The Joint Capital Construction budget subcommittee voted to delete the amendment from House Bill 4110 at its 7:45 p.m. meeting on Wednesday. The full Ways & Means Committee approved HB 4110 without the amendment at its 8 p.m. meeting on Thursday.

Republicans Stage Fight Over Expanded Home Care Commission

caregiver styling hair
After a personal appeal from Sen. Bates to Sen Winters, SB 1542 skirted through the Senate Wednesday, giving senior citizens a public option to meet their long-term care needs. If the House agrees, the Home Care Commission would expand beyond its Medicaid clientele to serve people paying for in-home caregivers with their own money.

Editor's Note: Deschutes County has several private home care agencies. An earlier version of this article mistakenly said there were no home care agencies in part of Sen. Tim Knopp's district, but his district is entirely in Deschutes County. We regret the error.

Dealmaking Clem Forges Compromise on Marijuana Dispensaries

jelly jar of pot
Rep. Brian Clem’s version of Senate Bill 1531 would allow local governments to put a one-year moratorium on medical marijuana dispensaries, which gained state sanctioning on Monday. The bill had stalled after the House and Senate Democrats could not agree on whether cities and counties could prohibit the dispensaries in their communities.

Rep. Brian Clem, D-Salem, has put forward a compromise that will clear the way for local municipalities to bar medical marijuana dispensaries from their domains for a year while they prepare to develop policies to regulate incoming outlets. The dispensaries gained state sanctioning last year through House Bill 3460.

Oregon House Passes Cover Oregon Reforms on 56-2 Vote

The House passed a bill that would seek relief for small businesses who were denied subsidies because of the failed SHOP program and asks the federal government to extend open enrollment through April.

Update: This article has been updated to reflect the passage of HB 4122 and SB 1582, as well as decisions from the federal government regarding changes in health insurance policy.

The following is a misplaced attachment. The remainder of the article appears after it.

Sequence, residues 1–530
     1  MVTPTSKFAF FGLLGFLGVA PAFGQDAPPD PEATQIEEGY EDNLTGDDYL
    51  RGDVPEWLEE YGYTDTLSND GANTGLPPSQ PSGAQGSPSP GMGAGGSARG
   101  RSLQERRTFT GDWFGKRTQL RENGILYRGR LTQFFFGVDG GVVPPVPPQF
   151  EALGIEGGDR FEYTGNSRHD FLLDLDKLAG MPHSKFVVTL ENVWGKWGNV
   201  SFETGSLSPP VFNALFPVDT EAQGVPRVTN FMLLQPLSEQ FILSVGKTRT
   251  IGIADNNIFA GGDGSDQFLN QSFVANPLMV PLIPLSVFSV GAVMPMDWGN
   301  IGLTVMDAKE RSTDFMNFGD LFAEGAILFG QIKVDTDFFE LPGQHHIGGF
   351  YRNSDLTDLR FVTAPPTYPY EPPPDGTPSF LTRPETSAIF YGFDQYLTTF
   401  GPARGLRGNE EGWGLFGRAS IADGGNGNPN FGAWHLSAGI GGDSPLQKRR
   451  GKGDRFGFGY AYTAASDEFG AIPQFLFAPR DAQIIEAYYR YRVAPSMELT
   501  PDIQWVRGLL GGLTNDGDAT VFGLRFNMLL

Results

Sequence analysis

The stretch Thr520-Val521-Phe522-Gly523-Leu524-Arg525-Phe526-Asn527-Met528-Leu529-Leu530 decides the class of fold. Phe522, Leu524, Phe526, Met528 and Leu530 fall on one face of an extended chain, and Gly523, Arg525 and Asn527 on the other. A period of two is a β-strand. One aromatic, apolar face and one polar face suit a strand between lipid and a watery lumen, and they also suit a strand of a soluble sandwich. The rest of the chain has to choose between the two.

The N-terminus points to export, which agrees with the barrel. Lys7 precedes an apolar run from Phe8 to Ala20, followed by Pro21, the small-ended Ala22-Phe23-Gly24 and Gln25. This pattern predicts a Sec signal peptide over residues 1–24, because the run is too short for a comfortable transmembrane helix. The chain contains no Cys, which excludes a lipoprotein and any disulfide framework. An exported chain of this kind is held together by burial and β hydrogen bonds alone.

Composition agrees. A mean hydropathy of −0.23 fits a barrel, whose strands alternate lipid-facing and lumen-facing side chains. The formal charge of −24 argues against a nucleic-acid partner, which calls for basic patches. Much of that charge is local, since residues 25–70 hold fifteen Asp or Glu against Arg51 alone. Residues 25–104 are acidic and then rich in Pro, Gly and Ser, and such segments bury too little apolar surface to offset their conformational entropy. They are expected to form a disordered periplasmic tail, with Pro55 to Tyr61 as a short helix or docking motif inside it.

Rep. Betty Komp, a Woodburn Democrat and the House Speaker Pro Tempore, added a personal touch as she explained the need to make Cover Oregon work.

Medical Equipment Exchange Bill Passes House

gavel
House Bill 4108 helps to coordinate existing programs to exchange lightly used durable medical equipment such as wheelchairs. The House also passed the bill to study the basic health plan and another bill aimed at youth suicide prevention.

In a state famous for its recycling ethic, medical equipment that could otherwise end up in landfills or lost in attics will soon be reused on a much wider level to help kids who’ve outgrown their equipment or adults who

Legislature Eyes Shifting Money from the Health Authority to DHS

Part of the $26 million earmarked for seniors has hit a snag as legislators ask for more details before they are willing to fund training for elderly caregivers. The money for the spending package came from increased revenues when the state scaled back the senior medical tax last fall.

The Legislature has found the money to bridge the $101 million gap in funding for the Department of Human Services by reallocating surplus funds from the Oregon Health Authority.

Before the session, DHS Director Erinn Kelley-Siel reported to a group of legislators who oversee her agency’s budget that the Department of Human Services faced a $101 million budget gap due to a number of factors such as increased labor costs, higher-than-expected case rolls and a 2 percent holdback in funding placed on the agency by the Legislature.